Comments about a female pastor’s body serve to highlight the differences between male and female clergy in a way that positions women as interlopers to church power, reinforcing that female bodies are out of place in church leadership, an ecclesial space that has been gendered as male for centuries.

As Beard reminds us, “We have no template for what a powerful woman looks like, except that she looks rather like a man.”

Drawing attention to pregnancy, making sexualizing comments about “disrobing,” suggesting that a clergywoman should smile more, describing a female pastor’s voice as “shrill” -- all expose the discomfort that men feel about women in “their” profession.

Masculine assumptions about gender were evident in the young clergywomen’s proposed commandments:

Thou shalt invite me into budget and financial conversations instead of assuming I won’t be interested.

Thou shalt not ask or expect me to take notes in a meeting, make copies or serve coffee.

Thou shalt not assume, based on my sex, that I’m better at working with children, youth or women than you are.

Thou shalt not call me “Sweetie,” “Kiddo” or “Girl.”

More than just ridiculous humiliations, these stereotypes affect the ministries and careers of women in church leadership. One colleague discovered that a pastor search committee was told that for the salary they were offering, they should expect only women to be willing to serve. The committee was livid -- not at the pay gap but at the idea that they would have to consider only women.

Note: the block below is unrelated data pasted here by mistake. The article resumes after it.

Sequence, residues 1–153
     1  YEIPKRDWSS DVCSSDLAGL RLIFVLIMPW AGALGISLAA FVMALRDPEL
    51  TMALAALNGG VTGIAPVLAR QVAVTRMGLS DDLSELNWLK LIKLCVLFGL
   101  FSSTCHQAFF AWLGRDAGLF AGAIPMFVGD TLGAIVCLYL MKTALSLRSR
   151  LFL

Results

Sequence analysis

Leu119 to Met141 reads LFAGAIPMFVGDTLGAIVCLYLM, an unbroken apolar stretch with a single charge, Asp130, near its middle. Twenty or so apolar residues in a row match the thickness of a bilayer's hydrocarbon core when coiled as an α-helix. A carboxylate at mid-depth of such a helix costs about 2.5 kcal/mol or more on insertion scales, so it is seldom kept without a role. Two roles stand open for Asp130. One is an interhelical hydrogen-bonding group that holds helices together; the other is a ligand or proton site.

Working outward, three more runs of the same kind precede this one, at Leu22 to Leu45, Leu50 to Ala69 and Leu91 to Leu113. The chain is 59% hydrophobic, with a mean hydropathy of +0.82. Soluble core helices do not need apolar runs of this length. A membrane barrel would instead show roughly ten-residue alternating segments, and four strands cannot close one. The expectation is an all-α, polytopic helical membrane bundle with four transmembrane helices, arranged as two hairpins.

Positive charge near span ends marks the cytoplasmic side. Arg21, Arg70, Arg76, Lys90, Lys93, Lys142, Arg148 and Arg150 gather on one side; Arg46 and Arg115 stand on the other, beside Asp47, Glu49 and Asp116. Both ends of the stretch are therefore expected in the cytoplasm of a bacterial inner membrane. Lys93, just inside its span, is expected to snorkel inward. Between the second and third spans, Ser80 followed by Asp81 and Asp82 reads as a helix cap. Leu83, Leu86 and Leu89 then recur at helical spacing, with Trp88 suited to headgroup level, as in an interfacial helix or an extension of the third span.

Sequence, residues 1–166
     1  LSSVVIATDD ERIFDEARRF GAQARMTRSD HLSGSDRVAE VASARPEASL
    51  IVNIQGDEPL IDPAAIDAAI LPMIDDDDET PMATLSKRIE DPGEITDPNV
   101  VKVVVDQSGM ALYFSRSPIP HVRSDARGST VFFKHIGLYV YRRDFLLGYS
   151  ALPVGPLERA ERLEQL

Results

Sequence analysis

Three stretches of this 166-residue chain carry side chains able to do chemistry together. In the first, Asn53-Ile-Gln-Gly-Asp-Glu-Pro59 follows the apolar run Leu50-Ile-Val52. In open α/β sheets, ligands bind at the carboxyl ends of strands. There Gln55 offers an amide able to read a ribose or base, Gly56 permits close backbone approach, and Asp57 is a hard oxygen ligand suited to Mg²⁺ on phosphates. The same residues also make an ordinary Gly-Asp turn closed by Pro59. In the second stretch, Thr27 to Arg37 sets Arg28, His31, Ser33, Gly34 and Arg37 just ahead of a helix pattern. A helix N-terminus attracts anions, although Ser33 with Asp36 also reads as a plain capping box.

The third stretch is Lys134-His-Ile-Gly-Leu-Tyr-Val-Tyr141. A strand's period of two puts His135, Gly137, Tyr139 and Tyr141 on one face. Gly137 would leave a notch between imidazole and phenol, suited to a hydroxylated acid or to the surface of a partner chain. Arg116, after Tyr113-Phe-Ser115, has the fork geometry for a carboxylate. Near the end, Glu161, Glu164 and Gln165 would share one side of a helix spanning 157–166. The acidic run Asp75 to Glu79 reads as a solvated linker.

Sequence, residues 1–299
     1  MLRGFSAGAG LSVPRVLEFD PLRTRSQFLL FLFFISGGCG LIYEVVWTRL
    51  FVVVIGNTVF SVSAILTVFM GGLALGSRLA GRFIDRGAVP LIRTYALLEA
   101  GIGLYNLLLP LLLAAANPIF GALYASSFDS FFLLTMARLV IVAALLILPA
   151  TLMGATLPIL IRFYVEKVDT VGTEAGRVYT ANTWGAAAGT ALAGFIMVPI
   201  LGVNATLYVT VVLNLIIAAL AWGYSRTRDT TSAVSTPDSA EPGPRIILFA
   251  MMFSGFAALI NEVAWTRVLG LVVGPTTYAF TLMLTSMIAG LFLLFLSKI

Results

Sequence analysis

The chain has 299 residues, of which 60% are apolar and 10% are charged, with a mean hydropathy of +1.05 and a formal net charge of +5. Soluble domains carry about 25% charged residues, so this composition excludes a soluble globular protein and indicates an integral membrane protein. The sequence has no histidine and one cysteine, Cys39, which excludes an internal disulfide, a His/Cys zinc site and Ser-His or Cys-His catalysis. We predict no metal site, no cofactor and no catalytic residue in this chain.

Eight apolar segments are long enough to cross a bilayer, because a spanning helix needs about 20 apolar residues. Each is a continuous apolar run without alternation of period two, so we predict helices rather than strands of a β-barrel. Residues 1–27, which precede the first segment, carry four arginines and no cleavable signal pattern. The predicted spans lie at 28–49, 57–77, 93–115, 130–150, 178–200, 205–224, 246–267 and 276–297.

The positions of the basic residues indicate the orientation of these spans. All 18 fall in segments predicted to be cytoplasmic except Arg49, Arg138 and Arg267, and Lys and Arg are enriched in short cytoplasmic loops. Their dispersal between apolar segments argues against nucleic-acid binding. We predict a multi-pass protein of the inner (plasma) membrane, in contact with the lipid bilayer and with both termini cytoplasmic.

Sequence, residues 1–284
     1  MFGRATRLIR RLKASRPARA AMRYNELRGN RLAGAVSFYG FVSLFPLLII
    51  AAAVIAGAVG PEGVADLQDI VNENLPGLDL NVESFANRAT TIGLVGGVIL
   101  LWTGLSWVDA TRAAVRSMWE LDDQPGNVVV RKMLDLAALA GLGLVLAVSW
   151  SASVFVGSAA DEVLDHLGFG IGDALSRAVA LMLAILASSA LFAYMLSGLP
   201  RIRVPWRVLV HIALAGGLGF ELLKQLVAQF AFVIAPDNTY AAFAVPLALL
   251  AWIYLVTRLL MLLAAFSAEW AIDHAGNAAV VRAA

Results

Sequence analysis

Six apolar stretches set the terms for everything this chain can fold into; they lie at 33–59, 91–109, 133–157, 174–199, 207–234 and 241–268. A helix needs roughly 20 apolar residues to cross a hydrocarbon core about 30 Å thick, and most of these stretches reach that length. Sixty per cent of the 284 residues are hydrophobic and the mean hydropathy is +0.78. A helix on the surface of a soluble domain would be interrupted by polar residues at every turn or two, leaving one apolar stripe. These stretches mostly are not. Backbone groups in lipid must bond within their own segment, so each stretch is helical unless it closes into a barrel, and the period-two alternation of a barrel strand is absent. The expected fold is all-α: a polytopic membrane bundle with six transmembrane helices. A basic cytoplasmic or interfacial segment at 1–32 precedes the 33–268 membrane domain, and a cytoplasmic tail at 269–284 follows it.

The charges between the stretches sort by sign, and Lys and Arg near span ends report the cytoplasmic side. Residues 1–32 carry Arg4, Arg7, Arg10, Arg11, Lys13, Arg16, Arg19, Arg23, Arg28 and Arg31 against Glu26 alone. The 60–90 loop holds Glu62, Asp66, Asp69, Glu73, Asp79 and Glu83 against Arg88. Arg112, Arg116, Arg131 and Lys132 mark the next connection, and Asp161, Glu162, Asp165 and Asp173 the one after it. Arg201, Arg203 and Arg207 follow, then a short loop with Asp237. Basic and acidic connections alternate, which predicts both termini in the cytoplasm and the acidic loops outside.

And as offensive as it is to be the target of outright sexists, it’s equally vexing to endure the behavior of male colleagues who purport to be feminists.

Women clergy offered the following commandments:

Thou shalt not doubt me when I say something is sexist.

Thou shalt not use “I’m a feminist” as a shield for your mansplaining or gentle misogyny.

Thou shalt believe women when they say things.

Men have all-male theological traditions and ministerial roles to which they can retreat. Not so female pastors.

If a woman stands up to this patriarchal tradition, she faces the accusation of intolerance. Women should not be expected to “get along” with sexist individuals, theologies, practices and institutions as if this were a price to be paid for church unity.

What is the way forward? For one, men must do better. When male pastors co-opt ideas that have come from female colleagues, they must reassign the insights. When they learn of pay gaps, they must address them.

When female clergy are outtalked or overtalked, male pastors must name the imbalance. They must read the sermons, theology and books of women. And decline to purchase books written by men who exclude women from the pulpit.

Women are addressing this as we always have: through constant negotiation between getting the job done and speaking out against what is intolerable. In the meantime, we create spaces where women can begin to speak the truth of our power to one another. For now, this is what we have.